European Commission forces Ireland to collect €13 billion tax clawback

“Ireland is to comply with a European Commission order to collect a disputed €13bn tax bill from the US firm Apple,” BBC News reports. “The money is now being paid into a blocked separate account, while Ireland appeals the Commission’s decision.”

“The Commission ruled last year that Ireland had given Apple illegal state aid by allowing it to pay an effective 1% corporation tax,” The Beeb reports. “Ireland was referred to the European Court of Justice after it failed to implement an order to collect the tax.”

“The Irish government says it profoundly disagrees with the Commission’s analysis of the case,” The Beeb reports. “The Irish Finance Ministry said in a statement: ‘These sums will be placed into an escrow fund with the proceeds being released only when there has been a final determination in the European Courts over the validity of the Commission’s Decision.'”

“Ireland has lodged an application in the General Court of the European Union for the Commission’s decision to be annulled. Meanwhile Apple is also challenging the Commission’s ruling. Its CEO Tim Cook has called it ‘maddening,'” The Beeb reports. “An Apple spokesperson said the company was confident the General Court would overturn the Commission’s decision: ‘The Commission’s case against Ireland has never been about how much Apple pays in taxes, it’s about which government gets the money. The United States government and the Irish government both agree we’ve paid our taxes according to the law.'”

Read more in the full article here.

MacDailyNews Take: The farce from the EC clowns continues.

Ireland expects Apple tax clawback in escrow account in first quarter 2018 – December 4, 2017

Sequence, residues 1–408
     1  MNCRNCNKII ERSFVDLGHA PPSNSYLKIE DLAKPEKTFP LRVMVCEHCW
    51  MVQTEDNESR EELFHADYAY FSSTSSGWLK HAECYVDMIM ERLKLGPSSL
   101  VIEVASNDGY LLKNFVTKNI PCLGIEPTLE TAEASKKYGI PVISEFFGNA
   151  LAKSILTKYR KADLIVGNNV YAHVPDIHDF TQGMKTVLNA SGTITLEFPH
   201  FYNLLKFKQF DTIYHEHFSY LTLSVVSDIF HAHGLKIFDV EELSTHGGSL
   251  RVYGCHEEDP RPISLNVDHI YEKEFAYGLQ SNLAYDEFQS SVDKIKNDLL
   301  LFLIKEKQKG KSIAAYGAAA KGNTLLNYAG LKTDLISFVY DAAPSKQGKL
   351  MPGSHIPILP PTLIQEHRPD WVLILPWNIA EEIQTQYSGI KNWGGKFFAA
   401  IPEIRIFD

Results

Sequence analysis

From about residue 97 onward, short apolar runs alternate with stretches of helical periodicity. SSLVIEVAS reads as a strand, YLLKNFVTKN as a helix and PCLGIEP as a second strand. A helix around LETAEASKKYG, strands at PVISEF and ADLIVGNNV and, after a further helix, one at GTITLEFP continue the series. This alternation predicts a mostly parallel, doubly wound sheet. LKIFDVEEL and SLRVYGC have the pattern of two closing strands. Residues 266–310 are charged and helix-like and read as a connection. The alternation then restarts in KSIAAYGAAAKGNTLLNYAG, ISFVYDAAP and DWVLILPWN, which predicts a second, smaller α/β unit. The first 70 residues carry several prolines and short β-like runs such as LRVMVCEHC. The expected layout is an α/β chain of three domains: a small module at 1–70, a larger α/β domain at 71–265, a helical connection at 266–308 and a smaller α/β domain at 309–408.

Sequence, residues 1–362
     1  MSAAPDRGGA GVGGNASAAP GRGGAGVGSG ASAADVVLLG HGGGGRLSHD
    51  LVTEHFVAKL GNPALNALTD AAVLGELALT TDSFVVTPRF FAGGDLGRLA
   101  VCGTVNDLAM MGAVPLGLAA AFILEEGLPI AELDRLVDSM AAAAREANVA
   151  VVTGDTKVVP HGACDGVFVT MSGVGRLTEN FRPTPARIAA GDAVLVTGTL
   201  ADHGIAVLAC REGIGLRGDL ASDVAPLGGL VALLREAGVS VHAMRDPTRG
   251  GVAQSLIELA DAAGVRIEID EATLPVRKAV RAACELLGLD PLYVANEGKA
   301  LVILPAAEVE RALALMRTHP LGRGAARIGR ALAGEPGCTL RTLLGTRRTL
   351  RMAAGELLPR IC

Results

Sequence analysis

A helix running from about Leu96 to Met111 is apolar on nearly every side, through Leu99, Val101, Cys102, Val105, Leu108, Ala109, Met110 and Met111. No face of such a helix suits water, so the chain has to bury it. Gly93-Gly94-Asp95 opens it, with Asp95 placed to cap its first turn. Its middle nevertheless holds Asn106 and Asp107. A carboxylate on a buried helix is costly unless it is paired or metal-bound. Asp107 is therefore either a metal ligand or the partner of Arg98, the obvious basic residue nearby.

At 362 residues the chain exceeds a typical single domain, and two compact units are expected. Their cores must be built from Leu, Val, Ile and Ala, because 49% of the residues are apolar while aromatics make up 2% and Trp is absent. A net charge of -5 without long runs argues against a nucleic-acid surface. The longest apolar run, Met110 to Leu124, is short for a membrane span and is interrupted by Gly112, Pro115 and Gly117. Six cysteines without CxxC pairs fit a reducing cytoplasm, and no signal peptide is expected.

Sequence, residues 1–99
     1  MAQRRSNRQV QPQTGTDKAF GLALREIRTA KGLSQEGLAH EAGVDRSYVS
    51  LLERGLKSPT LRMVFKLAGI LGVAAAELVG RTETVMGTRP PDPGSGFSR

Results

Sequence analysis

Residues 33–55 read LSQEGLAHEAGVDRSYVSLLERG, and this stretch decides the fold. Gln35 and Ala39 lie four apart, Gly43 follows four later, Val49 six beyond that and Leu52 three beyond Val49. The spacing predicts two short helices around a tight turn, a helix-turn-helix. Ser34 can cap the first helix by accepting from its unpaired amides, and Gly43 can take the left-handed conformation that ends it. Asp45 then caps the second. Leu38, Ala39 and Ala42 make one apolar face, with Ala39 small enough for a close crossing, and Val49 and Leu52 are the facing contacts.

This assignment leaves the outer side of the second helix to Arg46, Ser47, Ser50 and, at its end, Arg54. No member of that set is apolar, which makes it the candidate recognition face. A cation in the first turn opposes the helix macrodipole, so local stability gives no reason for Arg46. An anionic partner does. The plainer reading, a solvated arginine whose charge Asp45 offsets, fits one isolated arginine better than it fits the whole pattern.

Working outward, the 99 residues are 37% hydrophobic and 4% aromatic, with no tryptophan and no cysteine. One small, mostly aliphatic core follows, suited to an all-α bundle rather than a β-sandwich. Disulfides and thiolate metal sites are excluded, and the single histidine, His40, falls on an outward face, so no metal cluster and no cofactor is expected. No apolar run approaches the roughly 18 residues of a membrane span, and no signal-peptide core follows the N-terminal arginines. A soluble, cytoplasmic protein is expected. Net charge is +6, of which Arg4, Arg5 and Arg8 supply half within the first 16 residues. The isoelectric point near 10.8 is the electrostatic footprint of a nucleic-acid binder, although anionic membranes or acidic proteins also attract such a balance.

Ireland expects progress in Apple tax clawback in coming weeks – November 21, 2017
Apple holds on to tax billions as Ireland set to miss deadline – November 16, 2017
EU sues Ireland over $15.3 billion tax clawback from Apple – October 4, 2017
Ireland opposes EU’s 13 billion euro Apple tax grab, calls it unjustified – August 17, 2017
Apple close to deal protecting Ireland in fight over EU tax grab – August 11, 2017
Ireland seeks custodian for Apple $15.2 billion in back taxes as collection nears – July 22, 2017
EU Commissioner Vestager: Ireland ‘taking too long’ to recover Apple tax – May 19, 2017
EU’s hypocritical Margrethe Vestager going after Apple while backing Madeira tax avoidance scheme – February 14, 2017
Apple has missed the deadline to pay $13.9 billion to Ireland in illegal tax benefits – January 31, 2017
Apple CFO Maestri: What the EC is doing here is a disgrace for European citizens, it should be ashamed’ – December 19, 2016
Apple’s EU tax nemesis Margrethe Vestager takes aim at other U.S. companies’ offshore profits – September 19, 2016
The ‘Brexit-Apple’ connection: What in the world was Margrethe Vestager thinking? – September 12, 2016
EU ministers line up to take tax bites out of Apple – September 12, 2016
Former EU competition commissioner: Vestager claim that Apple owes back taxes an incorrect use of EU law – September 2, 2016
Irish government to fight EU on Apple tax – September 2, 2016
Treasury accuses EU of trying to steal U.S. tax revenues with Apple decision – September 1, 2016
Irish residents opposed to EU’s tax demand of Apple – September 1, 2016
Apple Inc. pushes back against EU tax grab – September 1, 2016
Apple may repatriate billions of dollars next year after new U.S. President takes office – September 1, 2016
U.S. tax code allows for dramatic retaliation against EU overreach in Apple case – September 1, 2016
Apple CEO Tim Cook on EU tax demand: ‘No one did anything wrong here and Ireland is being picked on… It is total political crap’ – September 1, 2016
U.S. Treasury: The European Commission’s retroactive tax demands on Apple are unfair – August 30, 2016
EU demands Apple pay massive $14.5 billion in taxes plus interest – August 30, 2016